If your chinchilla is in his or her cage, be sure to offer a hiding box, a wheel (plastic only) and other chewable toys. It’s good to keep your chinchilla active, and it’s also good to help your chinchilla to have plenty of chew options to help build up their teeth to prevent dental issues in the future.
Chinchillas without the ability to chew items have a tough time filing down their teeth correctly which could lead to dental issues, pain and your chinchilla grinding their teeth.
Don’t worry, if you have an issue with your chinchilla having teeth related health issues, you likely experience the first odor your chinchilla has produced. Chinchillas when experiencing health issues or overgrown teeth will have an odor that’s noticeable emitting from their mouths.
Nonetheless, a good way to avoid this issue altogether is to simply afford your chinchilla the necessary and required items they need inside of their cage.
Orchard or Apple Sticks
Chinchillas love to chew. Anything that can be eaten can provide your chinchilla with some mental stimulation and keep your chinchilla physically stimulated.
It’s important always to have enough chewable items around. Especially in the cage. It’s excellent for your chinchillas’ teeth to have access to chewing material and something they enjoy doing. My chinchilla even frequently chews on the wooden boards that are installed on the cage.
Anything that can be chewed, she’s typically finding a way to do so.
Depending on your chinchilla’s personality it’s possible that he or she grows out of enjoying certain chew items and no longer shows interest in playing with them or chewing them, but Orchard sticks are a cheap option for a chinchilla safe chew toy.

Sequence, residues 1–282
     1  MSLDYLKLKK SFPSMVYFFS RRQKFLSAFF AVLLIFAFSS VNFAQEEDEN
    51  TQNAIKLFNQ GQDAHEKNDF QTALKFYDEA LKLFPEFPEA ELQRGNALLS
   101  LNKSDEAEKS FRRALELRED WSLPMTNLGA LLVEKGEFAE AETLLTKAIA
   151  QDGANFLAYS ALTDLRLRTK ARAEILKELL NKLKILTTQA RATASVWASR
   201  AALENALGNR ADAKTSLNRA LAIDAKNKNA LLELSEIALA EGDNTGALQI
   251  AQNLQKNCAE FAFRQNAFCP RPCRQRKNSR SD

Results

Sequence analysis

Hanging Chinchilla Carousels
This is another excellent chew option for your chinchilla that can swing from one of the top grates of the cage. They can also get in some much-needed teeth grinding time with carousel hanging toys. Many individuals create their own hanging toys using chinchilla safe wood and some prefer to purchase them commercially from online marketplaces such as Amazon or even Pet Suppliers such as Chewy or Petco.
Either will work just fine. Just experiment some until you figure what your chinchilla enjoys most. I recommend hanging wooden toys. They force a little activity out of your chinchilla. They last much longer compared to the commercially purchased options.
This will keep you from having to purchase their toys nonstop if you can learn to craft them on your own with a few simple tools and a few spare minutes on a weekend day.
Chinchilla Lava Ledge or Lava Blocks
My chinchilla loves the lava ledges and the lava blocks. They can also come in fun festive colors which is a nice perk to tailor towards your male or female chinchillas.
What I especially love about these lava blocks is that they include the pre-drilled inserts so you can place the blocks at various levels of the cage. This works especially well when you are using the proper size dual level cages that allow chinchillas adequate space to jump and around.